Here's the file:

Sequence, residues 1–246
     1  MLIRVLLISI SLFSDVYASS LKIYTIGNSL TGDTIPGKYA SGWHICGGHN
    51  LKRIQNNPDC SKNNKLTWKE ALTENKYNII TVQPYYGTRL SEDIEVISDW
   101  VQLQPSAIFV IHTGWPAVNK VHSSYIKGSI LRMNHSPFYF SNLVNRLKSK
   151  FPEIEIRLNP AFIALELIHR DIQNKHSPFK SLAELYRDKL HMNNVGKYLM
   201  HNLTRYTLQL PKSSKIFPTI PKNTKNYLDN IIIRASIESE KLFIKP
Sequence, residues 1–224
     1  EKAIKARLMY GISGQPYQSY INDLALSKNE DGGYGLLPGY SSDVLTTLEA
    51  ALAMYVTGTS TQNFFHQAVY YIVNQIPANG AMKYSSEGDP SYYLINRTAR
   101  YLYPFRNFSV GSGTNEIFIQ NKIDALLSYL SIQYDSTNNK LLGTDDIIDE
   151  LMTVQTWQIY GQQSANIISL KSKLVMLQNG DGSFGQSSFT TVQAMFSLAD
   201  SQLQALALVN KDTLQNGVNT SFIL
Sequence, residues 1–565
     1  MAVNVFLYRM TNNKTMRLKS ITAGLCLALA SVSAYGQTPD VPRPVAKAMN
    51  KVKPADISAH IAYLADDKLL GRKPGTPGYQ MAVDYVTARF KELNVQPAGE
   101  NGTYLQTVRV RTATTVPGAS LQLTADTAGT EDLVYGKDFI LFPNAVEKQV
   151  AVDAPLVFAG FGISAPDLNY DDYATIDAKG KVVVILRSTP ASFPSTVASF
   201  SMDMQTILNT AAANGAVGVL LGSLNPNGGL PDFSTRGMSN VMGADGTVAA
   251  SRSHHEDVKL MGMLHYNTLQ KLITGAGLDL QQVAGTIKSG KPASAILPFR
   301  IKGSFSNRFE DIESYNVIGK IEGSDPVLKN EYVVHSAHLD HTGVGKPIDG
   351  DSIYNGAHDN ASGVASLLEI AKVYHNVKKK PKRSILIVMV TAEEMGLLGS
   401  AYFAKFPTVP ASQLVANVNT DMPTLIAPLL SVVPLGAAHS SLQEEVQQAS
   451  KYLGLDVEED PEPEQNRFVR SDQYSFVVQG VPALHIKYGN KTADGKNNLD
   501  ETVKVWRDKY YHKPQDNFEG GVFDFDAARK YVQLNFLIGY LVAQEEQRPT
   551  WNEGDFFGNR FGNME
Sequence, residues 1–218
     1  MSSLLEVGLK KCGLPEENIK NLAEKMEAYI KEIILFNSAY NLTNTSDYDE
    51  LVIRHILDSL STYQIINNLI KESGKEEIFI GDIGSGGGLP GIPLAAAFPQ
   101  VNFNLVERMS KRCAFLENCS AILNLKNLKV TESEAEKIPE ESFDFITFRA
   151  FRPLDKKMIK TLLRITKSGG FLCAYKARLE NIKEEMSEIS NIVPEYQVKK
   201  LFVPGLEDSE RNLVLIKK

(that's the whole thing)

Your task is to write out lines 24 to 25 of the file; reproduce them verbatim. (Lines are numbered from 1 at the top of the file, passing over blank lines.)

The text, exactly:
   501  ETVKVWRDKY YHKPQDNFEG GVFDFDAARK YVQLNFLIGY LVAQEEQRPT
   551  WNEGDFFGNR FGNME